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Canning College: Part 1

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I showed up for class with my mother’s decades-old pressure canner, in hopes that I’d finally learn how to use it.  I remembered her canning green beans in that heavy pot, and warning me to stay away from the steam that emerged from the top.  I even remember snapping the stems off the ends of green beans for her.  But I didn’t really understand the process.

I’d recently been admiring how so many people are preparing their own foods for the shelf these days, instead of buying cans from the grocery store.  I wondered if I could develop the confidence to try it, too. The Slow Food and Farmers’ Market canners had been making it look easy down on Market Square in Knoxville, Tennessee.  I was enthusiastic about it.  But I still felt a bit uneasy about the food safety details.

Turns out, I wasn’t the only one with these concerns. During Canning College with the local extension service, more than a dozen adults brought their questions, too.  Some were beginners like me. Others had canned before, but wanted to hone their skills.  So we crowded into two school kitchens, watching, listening, and taking turns getting our hands messy in everything from peaches to pickles.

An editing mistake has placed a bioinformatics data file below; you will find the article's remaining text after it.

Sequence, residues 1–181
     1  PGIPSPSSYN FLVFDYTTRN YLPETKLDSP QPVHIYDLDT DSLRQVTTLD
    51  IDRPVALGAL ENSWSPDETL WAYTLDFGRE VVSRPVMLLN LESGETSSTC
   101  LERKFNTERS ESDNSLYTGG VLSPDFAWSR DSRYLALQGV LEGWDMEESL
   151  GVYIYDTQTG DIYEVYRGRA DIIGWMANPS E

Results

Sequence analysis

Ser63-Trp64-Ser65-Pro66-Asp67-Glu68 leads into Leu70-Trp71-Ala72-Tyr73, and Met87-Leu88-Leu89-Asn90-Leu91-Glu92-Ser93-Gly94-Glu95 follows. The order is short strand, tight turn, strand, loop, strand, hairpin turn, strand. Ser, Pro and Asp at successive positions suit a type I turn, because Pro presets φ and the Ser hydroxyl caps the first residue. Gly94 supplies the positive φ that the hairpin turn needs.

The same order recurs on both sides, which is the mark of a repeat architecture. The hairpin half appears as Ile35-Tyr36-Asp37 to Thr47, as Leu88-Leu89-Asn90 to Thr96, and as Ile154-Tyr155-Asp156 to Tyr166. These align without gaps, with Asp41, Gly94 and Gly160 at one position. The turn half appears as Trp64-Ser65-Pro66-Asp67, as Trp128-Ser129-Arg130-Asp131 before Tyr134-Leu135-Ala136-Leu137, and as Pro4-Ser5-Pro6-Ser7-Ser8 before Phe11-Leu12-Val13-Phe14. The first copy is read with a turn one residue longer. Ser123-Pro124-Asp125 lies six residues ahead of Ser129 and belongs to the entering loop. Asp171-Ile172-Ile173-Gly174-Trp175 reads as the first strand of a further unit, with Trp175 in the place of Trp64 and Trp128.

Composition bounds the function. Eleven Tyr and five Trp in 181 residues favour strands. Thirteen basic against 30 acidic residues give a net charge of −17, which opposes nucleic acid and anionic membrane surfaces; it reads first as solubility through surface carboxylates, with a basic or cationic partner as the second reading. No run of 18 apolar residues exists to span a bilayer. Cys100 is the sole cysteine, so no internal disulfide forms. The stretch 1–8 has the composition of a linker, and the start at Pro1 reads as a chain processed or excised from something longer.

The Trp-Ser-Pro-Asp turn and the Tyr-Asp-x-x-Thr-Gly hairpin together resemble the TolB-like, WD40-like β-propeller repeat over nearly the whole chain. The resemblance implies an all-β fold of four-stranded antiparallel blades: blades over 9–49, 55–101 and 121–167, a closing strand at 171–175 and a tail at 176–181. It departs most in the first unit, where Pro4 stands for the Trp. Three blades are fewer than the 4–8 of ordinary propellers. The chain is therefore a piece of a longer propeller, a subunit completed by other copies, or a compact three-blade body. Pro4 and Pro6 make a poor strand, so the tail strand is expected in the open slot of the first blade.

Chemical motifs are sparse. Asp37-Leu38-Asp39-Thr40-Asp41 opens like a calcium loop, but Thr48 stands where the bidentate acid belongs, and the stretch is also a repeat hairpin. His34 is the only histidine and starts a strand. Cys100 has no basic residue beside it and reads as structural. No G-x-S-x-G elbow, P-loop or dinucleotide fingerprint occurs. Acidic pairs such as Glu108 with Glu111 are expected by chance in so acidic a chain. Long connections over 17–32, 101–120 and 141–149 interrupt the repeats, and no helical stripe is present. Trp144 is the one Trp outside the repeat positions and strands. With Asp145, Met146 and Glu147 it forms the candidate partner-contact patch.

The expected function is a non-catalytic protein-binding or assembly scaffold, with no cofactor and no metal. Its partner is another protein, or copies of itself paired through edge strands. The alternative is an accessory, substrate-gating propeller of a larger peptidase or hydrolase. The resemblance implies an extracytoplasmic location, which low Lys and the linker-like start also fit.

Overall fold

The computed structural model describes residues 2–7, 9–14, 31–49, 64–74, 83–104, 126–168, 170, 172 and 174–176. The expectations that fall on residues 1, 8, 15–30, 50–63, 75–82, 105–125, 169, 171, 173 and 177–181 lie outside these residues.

Instructor Heather Guinn says, “The last three years we have seen a big rise in people wanting to learn to can. And from what they’ve told us from classes, it’s due to the economy.  More people are planting their gardens and they’re wanting to learn how to can their produce.”  Some in this class also shared my interest in having food on the shelf without preservatives and other additives.

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2 Responses to Canning College: Part 1

  1. Anne July 5, 2011 at 5:49 pm #

    I think I’m going to start at home with a jam too and work up to the others.

    The instructors highly recommended a certain book that several of us ordered via another extension service. I will include that and more over the next couple of days. One I thought was a bit different was they said to freeze squash instead of canning it.

  2. Mrs. J July 5, 2011 at 1:36 pm #

    Very cool! I think canning is really neat. Mr. J and I have been learning to can on our own lately. This weekend we made blueberry and peach jams. I was pretty intimidated by the idea of canning because I read all about the dangers if you don’t do it right. But I figure if our grandparents did it with no problems, without necessarily following the recommended precautions, we can do it safely by following recommendations.

    I’ve been starting with canning recipes that require water bath canning so I can get used to it. But we will probably be canning beans from our garden in a few weeks, so we’ll need to use the pressure canner. I’m both excited and nervous!

    Did your instructors give any unusual tips that aren’t in the standard canning guides?

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